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Friday, April 3, 2020  Spokane, Washington  Est. May 19, 1883
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Washington budget talks likely to take second special session

OLYMPIA – Legislators reached a key milestone in the special session over the budgets, but unfortunately it was not the milestone of having a negotiated agreement that would allow them to finish their work by May 28, the 30th and final day of the session.

Rather, it was the milestone at which they offer tantalizing tidbits about each other’s proposals, but decline to go into specifics because “we don’t negotiate in the media.”

This is a mantra regularly employed by legislators who are, in fact, negotiating in the media by accusing the other side of profligate overspending or extreme chintziness, accounting sleights of hand or general fecklessness. House Democratic leaders or Senate Republican leaders have accused each other of one or more of these at some point in recent weeks during a session that could thus far only be described as “special” by constitutional edict or ironic exultation from the Church Lady.

Senate Republican leaders went a step further in their castigations at a news conference last week, bemoaning what they described as a paucity of serious offers from the other side. Sen. John Braun, the vice chairman of the Ways and Means Committee, said while his side has made “two significant offers” – one during the regular session and one in the special – House Democrats had only made one and it would spend more than the budget they had passed in the regular session rather than less.

“We can’t keep making offers if they’re not willing to make offers in the other direction,” Braun said. Two weeks into the special session, they weren’t actually negotiating a budget, he explained; they were reviewing the two spending plans section-by-section to understand each other’s assumptions. That’s all they could do until House Democrats either passed the tax increases needed to make their budget balance, or cut that money out of their spending plan, he insisted.

Two days later, House Democrats flatly rejected a couple of Braun’s characterizations. Senate Republicans hadn’t made two offers, they made the same offer twice, House Majority Leader Pat Sullivan said. And the House counteroffer didn’t raise spending, it reduced it.

He declined to say which concessions they made, or by how much because “We’re not going to negotiate the budget in public.” But they were going to send over another offer later in the day.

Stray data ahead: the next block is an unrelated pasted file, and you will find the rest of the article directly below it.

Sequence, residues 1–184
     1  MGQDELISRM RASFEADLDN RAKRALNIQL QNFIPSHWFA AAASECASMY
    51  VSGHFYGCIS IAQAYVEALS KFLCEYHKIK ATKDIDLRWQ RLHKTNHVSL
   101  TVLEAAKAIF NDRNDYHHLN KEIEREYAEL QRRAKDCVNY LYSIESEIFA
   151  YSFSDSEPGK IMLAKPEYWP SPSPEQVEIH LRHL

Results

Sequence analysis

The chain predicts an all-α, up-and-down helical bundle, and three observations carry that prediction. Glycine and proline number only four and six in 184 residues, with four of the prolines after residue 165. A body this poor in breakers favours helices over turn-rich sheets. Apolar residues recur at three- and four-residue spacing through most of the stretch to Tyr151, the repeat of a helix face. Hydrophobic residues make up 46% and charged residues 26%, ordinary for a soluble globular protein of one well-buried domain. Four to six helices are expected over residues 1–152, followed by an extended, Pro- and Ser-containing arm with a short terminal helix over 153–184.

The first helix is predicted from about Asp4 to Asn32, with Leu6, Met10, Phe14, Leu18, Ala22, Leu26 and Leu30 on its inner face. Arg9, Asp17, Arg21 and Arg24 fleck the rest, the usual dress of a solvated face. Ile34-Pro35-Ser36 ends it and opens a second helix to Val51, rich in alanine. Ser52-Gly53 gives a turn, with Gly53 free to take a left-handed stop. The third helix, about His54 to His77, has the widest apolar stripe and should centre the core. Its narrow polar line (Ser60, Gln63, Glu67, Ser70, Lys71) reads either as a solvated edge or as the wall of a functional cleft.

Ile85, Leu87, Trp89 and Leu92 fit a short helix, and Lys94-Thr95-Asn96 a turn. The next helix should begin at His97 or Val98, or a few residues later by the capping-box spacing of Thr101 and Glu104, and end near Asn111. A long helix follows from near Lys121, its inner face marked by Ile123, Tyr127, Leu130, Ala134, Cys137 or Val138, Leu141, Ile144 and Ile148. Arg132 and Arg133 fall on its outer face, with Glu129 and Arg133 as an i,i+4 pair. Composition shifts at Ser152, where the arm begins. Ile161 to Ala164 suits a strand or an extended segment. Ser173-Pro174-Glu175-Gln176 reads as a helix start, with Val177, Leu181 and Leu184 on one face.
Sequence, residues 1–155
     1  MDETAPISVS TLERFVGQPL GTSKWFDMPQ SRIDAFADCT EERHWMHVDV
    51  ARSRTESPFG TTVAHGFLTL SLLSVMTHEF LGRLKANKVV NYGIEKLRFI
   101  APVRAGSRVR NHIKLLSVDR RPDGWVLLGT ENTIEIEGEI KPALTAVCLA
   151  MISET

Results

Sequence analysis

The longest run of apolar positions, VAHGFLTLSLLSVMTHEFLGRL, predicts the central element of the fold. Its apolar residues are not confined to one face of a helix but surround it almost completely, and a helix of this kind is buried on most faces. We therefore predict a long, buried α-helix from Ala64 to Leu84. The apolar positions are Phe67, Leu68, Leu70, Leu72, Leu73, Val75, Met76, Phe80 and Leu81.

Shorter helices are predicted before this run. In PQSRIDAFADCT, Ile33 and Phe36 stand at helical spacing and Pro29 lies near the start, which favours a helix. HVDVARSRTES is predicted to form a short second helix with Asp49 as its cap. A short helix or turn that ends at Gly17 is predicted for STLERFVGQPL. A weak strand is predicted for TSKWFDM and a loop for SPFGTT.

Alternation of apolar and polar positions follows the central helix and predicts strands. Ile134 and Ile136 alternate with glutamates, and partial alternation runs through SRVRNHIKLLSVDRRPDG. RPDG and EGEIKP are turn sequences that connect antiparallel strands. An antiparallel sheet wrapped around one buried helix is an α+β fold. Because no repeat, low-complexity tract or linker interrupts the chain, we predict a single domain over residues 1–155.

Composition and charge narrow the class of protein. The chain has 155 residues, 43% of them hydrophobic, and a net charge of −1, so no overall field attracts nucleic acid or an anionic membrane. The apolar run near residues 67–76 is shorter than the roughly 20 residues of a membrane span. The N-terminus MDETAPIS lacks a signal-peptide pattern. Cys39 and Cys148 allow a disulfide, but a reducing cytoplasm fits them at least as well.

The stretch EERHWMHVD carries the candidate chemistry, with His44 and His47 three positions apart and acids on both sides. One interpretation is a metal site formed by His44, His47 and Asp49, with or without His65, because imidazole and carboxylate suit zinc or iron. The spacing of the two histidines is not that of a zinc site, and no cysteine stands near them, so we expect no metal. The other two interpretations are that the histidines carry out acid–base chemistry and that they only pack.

Sullivan agreed they weren’t negotiating, even in private, just going through the budgets section by section. He put the onus for that dilatory activity squarely on Republicans, whom he accused of stalling until Monday when state economists issue the next estimate of tax revenue for the coming years in hopes that it is up.

Although budgets are complicated, whether the Republicans made two different offers or just one, or the Democrats’ offer raised or lowered spending, wouldn’t take an accountant, just a perusal of paperwork. Senate Democratic Leader Sharon Nelson, who participated in the news conference, suggested the media ask the Republicans for their offers; the media suggested House Democrats release them, since they had them.

No, said Sullivan, but if Republicans release offers they had made, Democrats would do likewise.

That provided a brief glimmer of hope for an otherwise hopeless task of giving the public a look at what – if anything – is going on with the budget. Senate Republicans, after all, are big fans of opening up one of the driving factors of the budget, contract talks between state employees’ unions and the governor’s office. Perhaps they’d like to show how a little sunlight is a good thing for negotiations.

But Sullivan’s suggestion got no traction with Senate Majority Leader Mark Schoesler. When told there were significant discrepancies between the way the two sides were describing their respective offers, he preferred to trust Braun and budget chairman Andy Hill that the Democrats’ counter raised spending rather than lowered it. The “we’ll show you ours if they show you theirs” proposal was no more sincere than passing a budget without passing the necessary taxes, he insisted.

Legislators will, instead, continue to grind their way through the process, he said.

At this rate, they’ll likely grind far into June, in a second special session.

Coming this week

Monday: The state Economic and Revenue Forecast Council releases estimates on the amount of taxes and fees the state will collect in the next two and four years, a key element in setting the state’s operating budget.

Tuesday: The Senate Commerce and Labor Committee holds a hearing on a proposal to penalize public school teachers who go out on one-day strikes.

Spin Control, a weekly column by political reporter Jim Camden, appears online with daily items and reader comments at blogs/spincontrol.

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